Expressing your inner most thoughts and feelings in a daily journal is a healthy and easy way to practice being the best YOU
That tiny key with a pink ribbon running through it — I can still feel the weight of it in my flawless little hand. Aside from my set of Hello Kitty erasers and my dollhouse dresser, this was the most important thing I owned; it was the key to my diary. I was ten-years old.
In that diary went every thought, whisper, and doubt — every tragedy, real and imagined. It was biographical. It was fiction. It was magical.
It was healing. It had many hiding places, and accordingly, much was hidden in it.
It’s odd to consider that my original relationship to journaling was subversive. As a child I wanted out of my house, out of my classroom, out of my body, out of my life, but these were things I could only tell to my diary. Growing up in suburban New York in a fairly comfortable family wasn’t so bad, but that diary told another story.
In certain sections, I had an avatar — Ashley was her name — and she was beautiful. She had friends, she didn’t care about grades, she never did homework, and she definitely didn’t have glasses. But she did get into heaps of fascinating trouble. She was popular, and the right boy was noticeably interested.
That ten-year old me was also profoundly sad at times. That was when my ‘real’ identity would seep back into those handwritten pages — a dejected, disappointed girl, a burden in her own home, where there were other, more important events and people to tend to.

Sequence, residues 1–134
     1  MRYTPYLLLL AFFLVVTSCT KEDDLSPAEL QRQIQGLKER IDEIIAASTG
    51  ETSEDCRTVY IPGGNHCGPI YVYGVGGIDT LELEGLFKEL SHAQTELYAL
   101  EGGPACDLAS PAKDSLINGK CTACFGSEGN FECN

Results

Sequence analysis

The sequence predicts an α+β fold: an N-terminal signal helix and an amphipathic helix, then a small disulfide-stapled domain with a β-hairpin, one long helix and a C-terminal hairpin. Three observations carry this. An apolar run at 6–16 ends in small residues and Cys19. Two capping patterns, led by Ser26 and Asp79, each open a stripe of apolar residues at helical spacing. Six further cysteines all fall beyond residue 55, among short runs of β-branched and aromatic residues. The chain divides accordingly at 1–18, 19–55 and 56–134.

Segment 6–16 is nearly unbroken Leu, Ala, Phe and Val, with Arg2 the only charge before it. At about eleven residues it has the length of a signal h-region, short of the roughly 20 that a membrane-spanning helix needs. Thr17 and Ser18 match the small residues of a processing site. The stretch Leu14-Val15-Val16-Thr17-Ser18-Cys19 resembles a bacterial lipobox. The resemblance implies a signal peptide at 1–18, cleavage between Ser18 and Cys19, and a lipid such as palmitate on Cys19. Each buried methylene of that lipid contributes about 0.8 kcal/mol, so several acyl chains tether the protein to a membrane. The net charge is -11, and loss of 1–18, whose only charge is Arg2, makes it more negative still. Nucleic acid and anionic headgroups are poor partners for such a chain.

According to both the diary and my memory, I was supported in my family; I was loved so much, but left alone a lot. No complaints, but I do remember that there was a fair dose of internal confusion. I didn’t know where I belonged, but in that diary, I had a place.
Almost four decades later, that special portable place is still a part of me. My days and my work, my teaching and my ways of seeing of the world, all revolve around my notebooks, these treasure troves of study, worship, listening and learning.
Throughout my adult life, journaling has served me as a tool for refining my thinking, my teaching and my ways of being. It moves me towards new patterns of thinking, and continues to help me see what beliefs and assumptions are taking up space in my mind. Writing in my journal is a portal to my clearest creativity, particularly in the early morning when my intuition is high.
During my (thankfully) elegant divorce, tough moments in parenting, getting sober, being a loving partner, and losing my mom last year, journaling gave me perspective, vision, and leverage on myself. Whether I’m writing poetry, noting a passing emotional state, or just free-writing in the early morning, my journal helps me to reframe, regroup, and refine my highest self.
Here are 5 reasons why I encourage you to consider journaling:
1. Each time you pick up your journal, you’re providing yourself with a safe space to connect to your own wise advice.
2. Writing with your hand means you’re spending a few minutes away from your technology— which is great for your mood and your overall well-being.
3. Handwriting allows your heart to come through what you are expressing.
4. Noting your reflections on paper allows you to choose what thoughts you’ll pursue and those you’ll release.
5. Journaling is the ultimate way to practice YOU.
View Elena’s book, Practice You on Amazon
>You may also enjoy reading Letters to My Mindful Self by Wendy Wolff